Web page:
Calendar An icon of a desk calendar. Cancel An icon of a circle with a diagonal line across. Caret An icon of a block arrow pointing to the right. Email An icon of a paper envelope. Facebook An icon of the Facebook "f" mark. Google An icon of the Google "G" mark. Linked In An icon of the Linked In "in" mark. Logout An icon representing logout. Profile An icon that resembles human head and shoulders. Telephone An icon of a traditional telephone receiver. Tick An icon of a tick mark. Is Public An icon of a human eye and eyelashes. Is Not Public An icon of a human eye and eyelashes with a diagonal line through it. Pause Icon A two-lined pause icon for stopping interactions. Quote Mark A opening quote mark. Quote Mark A closing quote mark. Arrow An icon of an arrow. Folder An icon of a paper folder. Breaking An icon of an exclamation mark on a circular background. Camera An icon of a digital camera. Caret An icon of a caret arrow. Clock An icon of a clock face. Close An icon of the an X shape. Close Icon An icon used to represent where to interact to collapse or dismiss a component Comment An icon of a speech bubble. Comments An icon of a speech bubble, denoting user comments. Ellipsis An icon of 3 horizontal dots. Envelope An icon of a paper envelope. Facebook An icon of a facebook f logo. Camera An icon of a digital camera. Home An icon of a house. Instagram An icon of the Instagram logo. LinkedIn An icon of the LinkedIn logo. Magnifying Glass An icon of a magnifying glass. Search Icon A magnifying glass icon that is used to represent the function of searching. Menu An icon of 3 horizontal lines. Hamburger Menu Icon An icon used to represent a collapsed menu. Next An icon of an arrow pointing to the right. Notice An explanation mark centred inside a circle. Previous An icon of an arrow pointing to the left. Rating An icon of a star. Tag An icon of a tag. Twitter An icon of the Twitter logo. Video Camera An icon of a video camera shape. Speech Bubble Icon A icon displaying a speech bubble WhatsApp An icon of the WhatsApp logo. Information An icon of an information logo. Plus A mathematical 'plus' symbol. Duration An icon indicating Time. Success Tick An icon of a green tick. Success Tick Timeout An icon of a greyed out success tick. Loading Spinner An icon of a loading spinner.

Oil sinks below $100 as China’s lockdowns imperil demand outlook

© BloombergThe silhouettes of pumpjacks are seen above oil wells in the Bakken Formation in North Dakota, U.S. Photographer: Bloomberg Creative Photos/Bloomberg
The silhouettes of pumpjacks are seen above oil wells in the Bakken Formation in North Dakota, U.S. Photographer: Bloomberg Creative Photos/Bloomberg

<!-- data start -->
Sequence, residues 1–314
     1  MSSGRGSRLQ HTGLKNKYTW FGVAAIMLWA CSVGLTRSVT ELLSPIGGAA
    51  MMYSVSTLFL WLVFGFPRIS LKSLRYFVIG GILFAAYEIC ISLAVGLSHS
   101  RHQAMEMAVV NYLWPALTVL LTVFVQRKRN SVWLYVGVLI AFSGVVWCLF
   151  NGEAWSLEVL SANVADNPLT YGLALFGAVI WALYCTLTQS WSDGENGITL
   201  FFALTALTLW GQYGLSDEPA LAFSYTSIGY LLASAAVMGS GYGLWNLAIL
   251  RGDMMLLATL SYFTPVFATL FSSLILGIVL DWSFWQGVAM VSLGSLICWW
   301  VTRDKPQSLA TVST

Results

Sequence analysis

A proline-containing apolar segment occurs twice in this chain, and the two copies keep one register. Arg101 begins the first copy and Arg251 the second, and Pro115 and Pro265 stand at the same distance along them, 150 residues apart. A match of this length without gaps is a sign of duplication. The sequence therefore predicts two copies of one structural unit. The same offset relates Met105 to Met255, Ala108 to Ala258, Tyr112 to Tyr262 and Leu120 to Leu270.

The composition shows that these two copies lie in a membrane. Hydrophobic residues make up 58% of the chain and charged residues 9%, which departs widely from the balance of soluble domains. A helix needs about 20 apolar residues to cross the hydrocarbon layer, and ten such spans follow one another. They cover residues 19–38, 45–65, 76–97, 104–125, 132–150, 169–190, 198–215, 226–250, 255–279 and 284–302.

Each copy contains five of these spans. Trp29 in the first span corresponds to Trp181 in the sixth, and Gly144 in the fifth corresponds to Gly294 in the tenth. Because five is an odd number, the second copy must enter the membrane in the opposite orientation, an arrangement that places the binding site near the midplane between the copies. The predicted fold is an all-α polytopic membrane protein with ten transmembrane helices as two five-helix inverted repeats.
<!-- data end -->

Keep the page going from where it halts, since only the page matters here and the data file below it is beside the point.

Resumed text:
Oil pushed lower at the start of the week on concerns that a spreading Covid-19 outbreak in China will weigh on global demand.

West Texas Intermediate futures slid around 3% to trade below $100 a barrel amid a rout in stocks and other raw materials. Rising cases in Beijing sparked jitters about an unprecedented lockdown of the capital, while Shanghai reported record daily deaths over the weekend. The world’s biggest crude importer is heading for the worst oil demand shock since the early days of the pandemic.

China’s travails with Covid-19 add another source of volatility to an oil market that’s been whipsawed by the Russian invasion of Ukraine. The war has fanned inflation, and the European Union is discussing measures to restrict oil imports from Russia. That could tighten the market and drive prices higher.

China has implemented lockdowns in a number of cities as it pursues a Covid Zero strategy. Residents in a Beijing district were told to submit to three days of virus testing starting Monday in a bid to snuff out a rash of cases in the area. Shanghai is entering its fourth week of strict lockdown.

The nation’s demand for gasoline, diesel and aviation fuel in April is expected to slide 20% from a year earlier, according to people with inside knowledge of China’s energy industry. That’s equivalent to a drop in crude oil consumption of 1.2 million barrels a day, they said.

“Demand worries are back in focus,” said Vandana Hari, founder of Vanda Insights in Singapore, citing China’s virus lockdowns and easing global economic growth. “Risk is skewed to the downside.”

Prices
WTI for June delivery fell 2.9% to $99.07 a barrel on the New York Mercantile Exchange at 7:02 a.m. in London.
Futures dropped 4.6% last week.
Brent for June settlement dropped 2.9% to $103.57 on the ICE Futures Europe exchange after losing 1.6% on Friday.

The market is poised for additional supply, adding to bearish signs. Libya is expected to resume output from shuttered fields in the coming days, while the CPC oil terminal on Russia’s Black Sea coast has resumed regular operations after one of two moorings damaged in a storm was repaired.

Brent remains in backwardation — a bullish structure where near-dated contracts are more expensive than later-dated ones — but it’s narrowed considerably since early March. The prompt timespread for the benchmark was 50 cents a barrel in backwardation, compared with a high of $4.64 on March 2.

Recommended for you

More from Energy Voice

Latest Posts